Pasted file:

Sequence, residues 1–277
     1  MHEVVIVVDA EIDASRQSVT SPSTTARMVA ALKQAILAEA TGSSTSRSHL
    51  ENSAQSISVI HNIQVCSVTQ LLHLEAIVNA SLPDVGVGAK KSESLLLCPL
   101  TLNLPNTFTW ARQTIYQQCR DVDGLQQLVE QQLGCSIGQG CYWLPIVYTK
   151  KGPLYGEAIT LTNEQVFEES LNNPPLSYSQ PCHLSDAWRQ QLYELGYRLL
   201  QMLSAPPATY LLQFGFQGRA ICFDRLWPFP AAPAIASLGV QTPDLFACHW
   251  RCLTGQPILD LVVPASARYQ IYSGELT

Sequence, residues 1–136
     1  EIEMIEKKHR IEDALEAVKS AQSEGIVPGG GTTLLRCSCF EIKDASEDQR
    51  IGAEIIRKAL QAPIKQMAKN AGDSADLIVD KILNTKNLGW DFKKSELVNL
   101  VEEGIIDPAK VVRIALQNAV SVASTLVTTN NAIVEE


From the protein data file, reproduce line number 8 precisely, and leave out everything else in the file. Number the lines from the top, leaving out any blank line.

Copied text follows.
Sequence, residues 1–136